« Governor-general eats raw heart of freshly-killed seal, “tastes like sushi” | Main | Empathy in action »

May 29, 2009


Feed You can follow this conversation by subscribing to the comment feed for this post.


The growing SRP percentage (self-rated poverty) appears to blur the socio-economic landscape in the Philippines, with the political sector clamoring for charter change to correct the aberration. Some are proposing to adopt a federal form of government. Others propose to allow foreigners to own land in the country, as panacea for the economic problem. Little is known that in the first ten months in year 2008, direct foreign investment registered at US$1.4 billion only, and it would take years before the business where the investment is made will have become operational.

Actually, the volume of direct foreign investment is dwarfed by the annual inflow of OFW remittance at US$16 billion. Ironically, the OFW's had to leave the country to land a job overseas, but he finds it disappointing that his annual remittance has not been used for job creation. At 47 pesos to a dollar, OFW remittance amounts to 750 billion pesos a year.

The problem is that the Metro Manila-based monetary system draws this amount away from the provinces where most OFW’s come from. In the end, not a single job awaits them when they come home.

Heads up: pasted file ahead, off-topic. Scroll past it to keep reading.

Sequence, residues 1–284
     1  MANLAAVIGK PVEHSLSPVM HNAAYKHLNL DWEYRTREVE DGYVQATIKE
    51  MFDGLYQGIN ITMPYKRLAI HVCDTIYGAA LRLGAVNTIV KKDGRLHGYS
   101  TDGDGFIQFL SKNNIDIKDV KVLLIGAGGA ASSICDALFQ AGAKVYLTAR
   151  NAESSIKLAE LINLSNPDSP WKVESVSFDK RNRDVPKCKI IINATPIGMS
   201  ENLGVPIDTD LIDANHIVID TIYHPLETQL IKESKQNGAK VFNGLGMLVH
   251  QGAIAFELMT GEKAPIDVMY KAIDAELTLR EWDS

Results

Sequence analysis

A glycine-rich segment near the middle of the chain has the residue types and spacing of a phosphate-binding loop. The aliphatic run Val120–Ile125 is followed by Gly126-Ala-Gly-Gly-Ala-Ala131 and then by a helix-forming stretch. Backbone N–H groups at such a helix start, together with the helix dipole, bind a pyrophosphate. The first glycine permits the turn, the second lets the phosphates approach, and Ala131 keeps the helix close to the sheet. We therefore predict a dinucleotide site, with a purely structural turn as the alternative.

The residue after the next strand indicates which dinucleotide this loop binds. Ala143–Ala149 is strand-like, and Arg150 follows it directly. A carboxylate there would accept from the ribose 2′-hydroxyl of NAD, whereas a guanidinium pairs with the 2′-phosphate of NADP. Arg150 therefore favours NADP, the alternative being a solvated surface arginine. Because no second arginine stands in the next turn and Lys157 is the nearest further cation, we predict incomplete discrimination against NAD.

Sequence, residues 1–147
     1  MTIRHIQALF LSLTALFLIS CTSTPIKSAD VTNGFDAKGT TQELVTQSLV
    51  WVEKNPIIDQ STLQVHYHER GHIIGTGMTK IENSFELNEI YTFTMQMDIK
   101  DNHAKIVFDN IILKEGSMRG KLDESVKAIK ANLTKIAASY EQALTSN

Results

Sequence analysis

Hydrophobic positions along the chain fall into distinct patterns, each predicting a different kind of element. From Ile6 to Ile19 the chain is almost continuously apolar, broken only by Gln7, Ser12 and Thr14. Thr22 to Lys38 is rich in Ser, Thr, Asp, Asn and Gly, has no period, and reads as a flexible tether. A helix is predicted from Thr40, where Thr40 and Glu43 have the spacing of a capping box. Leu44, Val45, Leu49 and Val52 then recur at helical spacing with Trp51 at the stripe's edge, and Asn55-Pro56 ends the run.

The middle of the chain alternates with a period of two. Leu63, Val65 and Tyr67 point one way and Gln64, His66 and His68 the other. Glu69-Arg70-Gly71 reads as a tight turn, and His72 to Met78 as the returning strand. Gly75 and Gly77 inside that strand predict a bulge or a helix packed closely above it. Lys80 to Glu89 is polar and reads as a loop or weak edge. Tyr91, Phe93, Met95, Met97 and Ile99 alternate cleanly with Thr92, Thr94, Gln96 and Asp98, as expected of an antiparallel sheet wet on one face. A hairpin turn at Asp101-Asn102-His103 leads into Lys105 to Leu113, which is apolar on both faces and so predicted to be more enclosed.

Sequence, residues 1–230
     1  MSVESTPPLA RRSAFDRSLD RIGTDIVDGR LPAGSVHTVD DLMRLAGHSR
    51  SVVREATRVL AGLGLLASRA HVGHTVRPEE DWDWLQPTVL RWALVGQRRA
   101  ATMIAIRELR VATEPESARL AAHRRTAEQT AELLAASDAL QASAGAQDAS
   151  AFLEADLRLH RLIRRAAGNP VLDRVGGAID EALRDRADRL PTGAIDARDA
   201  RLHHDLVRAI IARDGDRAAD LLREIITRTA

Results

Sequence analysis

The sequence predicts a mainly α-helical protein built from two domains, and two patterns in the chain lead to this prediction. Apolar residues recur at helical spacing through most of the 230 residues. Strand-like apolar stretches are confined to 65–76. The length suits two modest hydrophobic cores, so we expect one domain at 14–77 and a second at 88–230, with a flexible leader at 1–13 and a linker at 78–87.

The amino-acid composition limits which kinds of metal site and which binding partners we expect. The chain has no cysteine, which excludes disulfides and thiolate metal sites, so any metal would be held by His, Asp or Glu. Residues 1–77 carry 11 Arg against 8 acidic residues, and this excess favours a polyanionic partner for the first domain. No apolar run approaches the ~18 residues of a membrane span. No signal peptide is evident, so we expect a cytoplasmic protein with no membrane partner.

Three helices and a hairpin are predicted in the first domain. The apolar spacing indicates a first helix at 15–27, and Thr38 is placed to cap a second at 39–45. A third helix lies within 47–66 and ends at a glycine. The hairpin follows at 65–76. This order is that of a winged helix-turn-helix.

With the country awash with OFW remittance, all that Congress has to do is craft a law on monetary reform preventing capital flight and capital constriction.

In the alternative, the President could issue an executive order directing the Monetary Board to adopt such reforms.

This should unleash the circulation of capital in the provinces to fund economic activities that will generate jobs. With inward OFW remittance of around 750 billion pesos per annum, jobs will be created for the returning OFW's themselves, given the right monetary policy that should do away with capital constriction and capital flight. In time, the exodus of Filipino manpower will be reversed, with as many as ten million workers coming home to work for the growth of the Philippine economy.

I agree with what you said,most poor country are highly dependent on remittances sent home.


Do you desire a house but you lack enough cash to acquire it?

The comments to this entry are closed.